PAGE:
Movie Review: The Campaign
Reviewed by Ian Forbes, Sobering Conclusion
As the upcoming Presidential election draws nearer, it only seems right that a comedy take advantage of the subject material. Enter Will Ferrell and Zach Galifianakis as opposing North Carolina congressional candidates in The Campaign.
Directed by Jay Roach, who helmed both the Meet the Parents and Austin Powers trilogies, the movie is both farce and satire. Ferrell plays a four-term incumbent Democrat modeled seemingly after politicians like Bill Clinton and Gary Hart but with the similar brash cluelessness the former SNL alum used to play George W. Bush. Galifianakis once again steps into the shoes of a rather odd individual, a man running on the Republican ticket thanks to the deep pockets of greedy benefactors (Dan Aykroyd & John Lithgow) but at heart a very simple man with ideals as pure as his behavior is strange.
The comedy naturally derives from watching these polar opposites attempt to win over voters either through shameless pandering or vicious mud slinging. A talented supporting cast, including Jason Sudeikis, Dylan McDermott, Bryan Cox and Karen Maruyama, make sure any moments not dominated by the two leads round out this exaggerated examination of the American political system.
To no surprise, the comedy is a mix of satiric observations, awkward personalities, and vulgur/over-the-top setups; and if one were looking for a simplistic cinematic comparison, this is Talladega Nights trading in Nascar for the House of Representatives. Weaving between the types of comedy keeps the film from feeling monotonous, as does the brisk runtime of 85 minutes (including a joke or two in the credits just to warn those of you who bolt for the exit door when text starts to roll across the screen).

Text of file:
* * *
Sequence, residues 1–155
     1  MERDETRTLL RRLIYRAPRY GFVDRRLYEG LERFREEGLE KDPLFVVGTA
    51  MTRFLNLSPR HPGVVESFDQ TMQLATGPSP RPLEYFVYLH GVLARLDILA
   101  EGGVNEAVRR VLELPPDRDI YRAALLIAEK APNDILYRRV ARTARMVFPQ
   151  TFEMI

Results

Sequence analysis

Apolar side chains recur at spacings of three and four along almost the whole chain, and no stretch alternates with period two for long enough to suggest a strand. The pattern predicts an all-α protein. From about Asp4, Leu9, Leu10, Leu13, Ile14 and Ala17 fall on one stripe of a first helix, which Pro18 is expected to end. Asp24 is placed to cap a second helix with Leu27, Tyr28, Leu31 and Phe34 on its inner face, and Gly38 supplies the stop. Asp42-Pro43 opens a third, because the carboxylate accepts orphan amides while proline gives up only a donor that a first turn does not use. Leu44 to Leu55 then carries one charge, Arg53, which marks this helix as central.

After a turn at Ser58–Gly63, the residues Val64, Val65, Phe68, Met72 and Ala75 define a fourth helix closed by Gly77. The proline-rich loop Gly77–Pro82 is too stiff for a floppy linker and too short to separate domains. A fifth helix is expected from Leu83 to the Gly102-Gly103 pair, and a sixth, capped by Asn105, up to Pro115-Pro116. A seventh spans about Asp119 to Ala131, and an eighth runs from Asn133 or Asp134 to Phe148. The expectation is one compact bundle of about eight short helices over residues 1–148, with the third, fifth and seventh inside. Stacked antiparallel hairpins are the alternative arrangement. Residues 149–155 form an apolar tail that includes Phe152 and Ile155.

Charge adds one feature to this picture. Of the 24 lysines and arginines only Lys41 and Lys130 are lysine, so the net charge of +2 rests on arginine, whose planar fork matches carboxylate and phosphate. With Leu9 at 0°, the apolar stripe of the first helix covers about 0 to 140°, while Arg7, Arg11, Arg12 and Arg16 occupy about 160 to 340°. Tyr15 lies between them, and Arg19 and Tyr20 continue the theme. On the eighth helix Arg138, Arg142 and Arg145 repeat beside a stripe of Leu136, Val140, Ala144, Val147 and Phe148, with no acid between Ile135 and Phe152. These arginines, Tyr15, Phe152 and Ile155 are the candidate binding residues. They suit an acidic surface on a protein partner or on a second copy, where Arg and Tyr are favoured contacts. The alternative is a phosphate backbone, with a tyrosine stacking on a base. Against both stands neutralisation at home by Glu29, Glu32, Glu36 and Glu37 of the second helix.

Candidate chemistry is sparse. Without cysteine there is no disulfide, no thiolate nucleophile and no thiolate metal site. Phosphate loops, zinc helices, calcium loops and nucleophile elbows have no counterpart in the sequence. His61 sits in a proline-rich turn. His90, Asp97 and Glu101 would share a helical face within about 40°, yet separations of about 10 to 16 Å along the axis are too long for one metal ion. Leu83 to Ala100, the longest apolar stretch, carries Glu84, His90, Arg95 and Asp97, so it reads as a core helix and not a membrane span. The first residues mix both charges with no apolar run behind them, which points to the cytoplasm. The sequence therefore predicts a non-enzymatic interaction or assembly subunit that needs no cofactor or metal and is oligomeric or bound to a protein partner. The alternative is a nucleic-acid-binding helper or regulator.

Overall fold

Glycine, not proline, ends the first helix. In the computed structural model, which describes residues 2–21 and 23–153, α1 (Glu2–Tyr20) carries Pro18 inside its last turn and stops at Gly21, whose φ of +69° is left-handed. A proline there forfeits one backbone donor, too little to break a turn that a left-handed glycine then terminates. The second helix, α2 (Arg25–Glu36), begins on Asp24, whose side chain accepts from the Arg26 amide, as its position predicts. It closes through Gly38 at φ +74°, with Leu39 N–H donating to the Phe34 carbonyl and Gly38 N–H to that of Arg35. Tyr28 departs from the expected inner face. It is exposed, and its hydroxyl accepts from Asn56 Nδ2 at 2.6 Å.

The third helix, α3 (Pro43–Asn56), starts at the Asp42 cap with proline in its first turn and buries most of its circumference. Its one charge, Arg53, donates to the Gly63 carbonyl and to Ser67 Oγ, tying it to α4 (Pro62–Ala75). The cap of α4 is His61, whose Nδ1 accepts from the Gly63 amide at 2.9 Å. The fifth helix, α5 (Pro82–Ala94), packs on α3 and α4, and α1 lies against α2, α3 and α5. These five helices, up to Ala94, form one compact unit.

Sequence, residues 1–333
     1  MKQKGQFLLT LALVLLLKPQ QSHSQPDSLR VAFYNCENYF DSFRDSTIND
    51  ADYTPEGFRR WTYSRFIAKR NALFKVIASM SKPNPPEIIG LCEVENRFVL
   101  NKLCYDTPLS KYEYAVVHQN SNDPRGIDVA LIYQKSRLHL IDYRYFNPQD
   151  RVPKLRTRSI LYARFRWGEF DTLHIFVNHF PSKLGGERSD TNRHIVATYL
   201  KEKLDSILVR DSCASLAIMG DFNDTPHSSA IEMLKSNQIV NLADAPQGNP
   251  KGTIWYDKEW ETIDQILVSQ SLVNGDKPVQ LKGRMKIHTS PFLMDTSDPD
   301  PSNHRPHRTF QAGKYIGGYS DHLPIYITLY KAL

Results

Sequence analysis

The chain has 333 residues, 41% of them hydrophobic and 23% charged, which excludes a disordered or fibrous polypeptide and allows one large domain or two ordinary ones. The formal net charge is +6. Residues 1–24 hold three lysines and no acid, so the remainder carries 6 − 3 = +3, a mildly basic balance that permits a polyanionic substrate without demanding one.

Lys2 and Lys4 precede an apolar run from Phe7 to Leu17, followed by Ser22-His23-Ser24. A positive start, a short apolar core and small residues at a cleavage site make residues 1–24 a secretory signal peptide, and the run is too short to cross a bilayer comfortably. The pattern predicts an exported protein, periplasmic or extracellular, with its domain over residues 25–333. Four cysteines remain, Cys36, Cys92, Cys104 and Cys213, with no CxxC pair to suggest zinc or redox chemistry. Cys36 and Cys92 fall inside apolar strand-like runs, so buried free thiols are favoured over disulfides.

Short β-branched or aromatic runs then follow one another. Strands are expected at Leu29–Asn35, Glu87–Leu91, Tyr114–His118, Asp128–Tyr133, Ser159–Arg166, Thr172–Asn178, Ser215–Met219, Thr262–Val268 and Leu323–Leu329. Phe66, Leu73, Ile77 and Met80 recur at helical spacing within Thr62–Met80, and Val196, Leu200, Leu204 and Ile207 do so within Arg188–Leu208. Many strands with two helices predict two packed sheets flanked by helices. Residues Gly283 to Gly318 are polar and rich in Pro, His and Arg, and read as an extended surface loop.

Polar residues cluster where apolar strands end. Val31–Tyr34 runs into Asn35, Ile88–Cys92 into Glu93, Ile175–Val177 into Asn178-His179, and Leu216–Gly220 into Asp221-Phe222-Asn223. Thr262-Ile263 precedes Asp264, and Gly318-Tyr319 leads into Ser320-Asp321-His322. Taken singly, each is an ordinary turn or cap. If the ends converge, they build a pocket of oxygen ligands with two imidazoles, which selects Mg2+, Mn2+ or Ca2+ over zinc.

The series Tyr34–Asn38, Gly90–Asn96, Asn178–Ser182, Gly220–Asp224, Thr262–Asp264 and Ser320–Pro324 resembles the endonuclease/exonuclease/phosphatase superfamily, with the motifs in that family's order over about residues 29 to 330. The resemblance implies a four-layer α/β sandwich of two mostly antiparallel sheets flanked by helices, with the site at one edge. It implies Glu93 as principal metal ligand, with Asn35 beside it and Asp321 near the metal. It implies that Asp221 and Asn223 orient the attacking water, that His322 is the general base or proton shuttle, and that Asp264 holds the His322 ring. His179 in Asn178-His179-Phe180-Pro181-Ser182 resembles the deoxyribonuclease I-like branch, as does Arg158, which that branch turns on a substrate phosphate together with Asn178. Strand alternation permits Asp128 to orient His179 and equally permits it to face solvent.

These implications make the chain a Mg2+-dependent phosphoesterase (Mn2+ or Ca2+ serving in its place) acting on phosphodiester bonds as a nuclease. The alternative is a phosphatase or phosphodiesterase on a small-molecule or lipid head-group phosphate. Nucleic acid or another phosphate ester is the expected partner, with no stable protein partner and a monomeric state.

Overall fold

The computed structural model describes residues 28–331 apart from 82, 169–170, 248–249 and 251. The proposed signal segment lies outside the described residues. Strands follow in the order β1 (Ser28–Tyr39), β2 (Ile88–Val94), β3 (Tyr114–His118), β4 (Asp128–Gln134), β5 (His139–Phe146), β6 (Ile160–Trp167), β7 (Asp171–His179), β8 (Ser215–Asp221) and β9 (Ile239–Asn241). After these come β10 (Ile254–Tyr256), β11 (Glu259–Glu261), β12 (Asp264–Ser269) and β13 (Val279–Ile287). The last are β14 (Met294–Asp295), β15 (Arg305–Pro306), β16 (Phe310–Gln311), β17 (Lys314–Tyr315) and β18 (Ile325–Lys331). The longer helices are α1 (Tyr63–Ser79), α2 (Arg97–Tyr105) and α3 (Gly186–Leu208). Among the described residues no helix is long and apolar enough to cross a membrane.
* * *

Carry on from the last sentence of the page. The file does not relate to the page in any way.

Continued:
One’s enjoyment of the picture squarely falls on the appeal of its leading men. Neither are exploring new territory and it’s pure personal taste if one will be satisfied that each delivers exactly the type of performance and character that would be expected of them. Anyone suffering comedy fatigue in the case of either actor won’t find anything fresh to rekindle that initial spark that brought each to the forefront of mainstream comedy success.
That being said, the similarities to real life election practices and corruption rampant in American politics still rings through the humor on display. Only time will tell if it has the ability to get better upon subsequent viewings like others from its stars (Anchorman, The Hangover). Assuming you still look forward to films from Ferrell and Galifianakis, The Campaign will fill the comedy void amongst wide-releases of late. If either, or both, of the actors have worn out their welcome, seek movie entertainment elsewhere.
The Campaign hits theaters on August 10, 2012 and is rated R for crude sexual content, language and brief nudity.